Category Archives: Culture Notes

Hot Metal in Reservoir

On Saturday I went to the opening of Mal Woods Foundry in Reservoir. Sculptors, foundry workers, friends and interested people gathering to watch bronze being poured along with nibbles and drinks.

The weather was great, a pleasant sunny day, I bicycled to the foundry from Coburg. “This must be the place.” I thought as I cycled along Kurnai Ave. The factory and even its carpark was an oasis of tasteful design in the industrial area.

Mal Woods Foundry

The professionals were talking about their work including another Boer War Memorial with one and half sized equestrian statues. I can see why the sculptor, Louis Laumen and the foundry workers are keen on the project, more work for them. I can also see why the people behind the project might be having difficulty raising funds for it. Why does Australia need more Boer War Memorials?

There were amateur backyard foundry enthusiasts talking about their hair dryer or vacuum cleaner fanned furnaces. I didn’t know that there were amateur backyard foundries casting small objects in plaster moulds.

DSC00311

At the back of Mal Woods Foundry the moulds that had been drying out in a kiln and were then placed in a large metal trough and secured in place with sand.

Mal Wood added an ingot of tin and two large ingots of copper to the furnace, the tin first and then the copper. These two soft metals when combined produce an alloy that is harder than either of them.

Removing crucible from furnace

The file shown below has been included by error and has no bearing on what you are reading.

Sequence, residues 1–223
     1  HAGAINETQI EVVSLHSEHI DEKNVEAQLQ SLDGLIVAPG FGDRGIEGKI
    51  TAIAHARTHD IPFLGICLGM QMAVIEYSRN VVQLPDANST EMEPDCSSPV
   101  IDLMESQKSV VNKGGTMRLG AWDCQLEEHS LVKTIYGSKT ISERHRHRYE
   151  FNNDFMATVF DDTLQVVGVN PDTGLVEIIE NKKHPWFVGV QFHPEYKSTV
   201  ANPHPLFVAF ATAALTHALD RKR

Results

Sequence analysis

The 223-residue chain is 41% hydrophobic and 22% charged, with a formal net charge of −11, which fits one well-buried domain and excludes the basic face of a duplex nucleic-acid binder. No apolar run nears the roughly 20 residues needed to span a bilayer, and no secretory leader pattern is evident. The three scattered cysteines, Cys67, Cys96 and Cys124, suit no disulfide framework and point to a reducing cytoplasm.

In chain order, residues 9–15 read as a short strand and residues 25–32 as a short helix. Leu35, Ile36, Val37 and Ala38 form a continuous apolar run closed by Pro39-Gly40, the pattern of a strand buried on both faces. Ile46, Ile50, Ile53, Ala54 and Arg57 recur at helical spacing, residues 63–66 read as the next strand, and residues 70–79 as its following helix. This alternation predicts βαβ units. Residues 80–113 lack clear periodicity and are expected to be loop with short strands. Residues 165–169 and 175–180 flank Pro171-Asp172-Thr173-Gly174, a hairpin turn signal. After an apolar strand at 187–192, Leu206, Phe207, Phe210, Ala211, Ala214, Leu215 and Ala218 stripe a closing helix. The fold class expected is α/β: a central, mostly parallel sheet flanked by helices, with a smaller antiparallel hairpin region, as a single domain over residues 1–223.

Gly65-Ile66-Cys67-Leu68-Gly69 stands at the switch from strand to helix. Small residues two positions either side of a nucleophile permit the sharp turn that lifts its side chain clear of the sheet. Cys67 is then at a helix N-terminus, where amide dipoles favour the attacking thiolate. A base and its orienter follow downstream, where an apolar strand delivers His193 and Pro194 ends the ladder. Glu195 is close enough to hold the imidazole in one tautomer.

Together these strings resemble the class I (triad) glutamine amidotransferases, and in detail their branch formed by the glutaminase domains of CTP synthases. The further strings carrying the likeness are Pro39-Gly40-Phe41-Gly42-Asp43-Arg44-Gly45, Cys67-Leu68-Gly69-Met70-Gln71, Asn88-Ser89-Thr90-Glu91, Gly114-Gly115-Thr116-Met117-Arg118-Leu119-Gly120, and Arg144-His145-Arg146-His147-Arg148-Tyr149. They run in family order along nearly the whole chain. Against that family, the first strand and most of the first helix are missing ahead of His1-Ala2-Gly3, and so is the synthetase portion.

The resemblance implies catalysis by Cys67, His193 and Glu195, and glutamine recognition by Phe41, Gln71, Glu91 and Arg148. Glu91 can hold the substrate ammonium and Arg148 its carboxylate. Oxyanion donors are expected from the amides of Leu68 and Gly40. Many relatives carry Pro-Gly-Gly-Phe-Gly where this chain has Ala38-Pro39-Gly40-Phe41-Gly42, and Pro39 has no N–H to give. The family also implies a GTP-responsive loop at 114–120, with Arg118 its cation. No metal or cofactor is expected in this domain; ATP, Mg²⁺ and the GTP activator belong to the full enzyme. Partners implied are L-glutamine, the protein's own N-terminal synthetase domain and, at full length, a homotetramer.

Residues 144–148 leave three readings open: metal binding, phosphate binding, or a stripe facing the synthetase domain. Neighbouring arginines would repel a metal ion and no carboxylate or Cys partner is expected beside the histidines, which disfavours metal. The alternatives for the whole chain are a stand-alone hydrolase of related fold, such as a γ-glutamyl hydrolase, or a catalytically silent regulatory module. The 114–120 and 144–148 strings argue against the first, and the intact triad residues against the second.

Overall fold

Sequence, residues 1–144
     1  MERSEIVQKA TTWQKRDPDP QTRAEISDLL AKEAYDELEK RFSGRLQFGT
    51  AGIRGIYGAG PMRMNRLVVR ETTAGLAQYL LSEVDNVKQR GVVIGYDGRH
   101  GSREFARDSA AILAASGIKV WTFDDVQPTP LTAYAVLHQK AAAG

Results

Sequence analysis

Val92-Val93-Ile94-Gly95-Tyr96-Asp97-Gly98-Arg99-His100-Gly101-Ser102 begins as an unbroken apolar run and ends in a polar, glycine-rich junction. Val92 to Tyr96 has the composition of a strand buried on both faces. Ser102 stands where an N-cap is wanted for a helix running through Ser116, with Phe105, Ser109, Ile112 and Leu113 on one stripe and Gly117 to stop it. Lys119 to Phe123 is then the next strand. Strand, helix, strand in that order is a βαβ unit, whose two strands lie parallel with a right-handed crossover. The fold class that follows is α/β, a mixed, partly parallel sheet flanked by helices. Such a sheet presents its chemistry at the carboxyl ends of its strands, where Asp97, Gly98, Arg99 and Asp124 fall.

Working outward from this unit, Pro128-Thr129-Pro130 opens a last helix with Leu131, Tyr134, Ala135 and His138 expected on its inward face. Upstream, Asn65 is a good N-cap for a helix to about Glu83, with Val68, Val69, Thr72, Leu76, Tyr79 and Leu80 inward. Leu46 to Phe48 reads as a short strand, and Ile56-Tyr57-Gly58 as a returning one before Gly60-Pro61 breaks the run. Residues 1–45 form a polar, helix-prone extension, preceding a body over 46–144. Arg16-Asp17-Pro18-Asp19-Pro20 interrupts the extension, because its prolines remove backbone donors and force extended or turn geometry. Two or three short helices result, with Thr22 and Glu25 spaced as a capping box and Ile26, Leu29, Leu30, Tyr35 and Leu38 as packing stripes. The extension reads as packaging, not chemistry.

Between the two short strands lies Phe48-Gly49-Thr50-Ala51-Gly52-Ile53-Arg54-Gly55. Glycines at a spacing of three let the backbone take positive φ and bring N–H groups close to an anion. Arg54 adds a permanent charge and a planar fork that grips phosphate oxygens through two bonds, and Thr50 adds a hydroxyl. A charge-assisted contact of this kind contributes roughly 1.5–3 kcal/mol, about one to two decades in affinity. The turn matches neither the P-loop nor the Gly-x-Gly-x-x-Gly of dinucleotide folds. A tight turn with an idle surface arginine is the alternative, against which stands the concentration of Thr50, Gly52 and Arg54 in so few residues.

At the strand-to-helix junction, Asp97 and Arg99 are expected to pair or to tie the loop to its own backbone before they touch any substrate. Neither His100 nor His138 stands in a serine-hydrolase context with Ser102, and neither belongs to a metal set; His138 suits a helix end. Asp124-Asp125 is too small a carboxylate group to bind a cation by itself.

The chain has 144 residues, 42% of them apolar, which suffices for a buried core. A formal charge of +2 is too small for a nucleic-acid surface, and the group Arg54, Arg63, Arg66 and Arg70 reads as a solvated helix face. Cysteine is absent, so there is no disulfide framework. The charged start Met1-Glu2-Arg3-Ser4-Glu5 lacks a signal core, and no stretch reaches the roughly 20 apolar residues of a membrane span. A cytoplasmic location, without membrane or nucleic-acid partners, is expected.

The roar of furnace dies away and in front of the assembled crowd the crucible was removed. The temperature of the bronze tested and then the bronze was poured into the moulds. I didn’t see the results of these castings, you couldn’t tell from the moulds, not with all the venting pipes. When I left the bronze was turning from florescent pink to dark purple in the moulds, still hot enough to warm a person standing nearby.

Bronze pouring into cast

Sculpture moulds cooling

For more on foundries read my 2012 post Casting Sculpture in Melbourne.


Free Identity

“Hello, My Name Is…” the excess conference stickers were long ago colonised by the taggers, to the point where it is now a commercial standard and Martha Cooper has a whole book focused on it, Name Tagging (Mark Batty, 2010).

Mini Graff

I want to look more closely at taggers and identity. Identity is not a trivial nor a simple issue. Is it enough to live, consume, work and die? The right to an identity comes with the right to express your identity? How do you have an identity if you don’t have the right to express your identity through any media? Not secretly in a diary like Winston Smith but on a public wall. What is the point in having an identity if you can’t live and express it?

The common desire for fame is a desire for an identity, to be a somebody rather than a nobody for to be famous is to be known. The right to an identity not only belongs to those who can financially afford to, or are politically allowed, or happen to become famous to express their identity but to all. These rights cannot be expressed in dollar terms.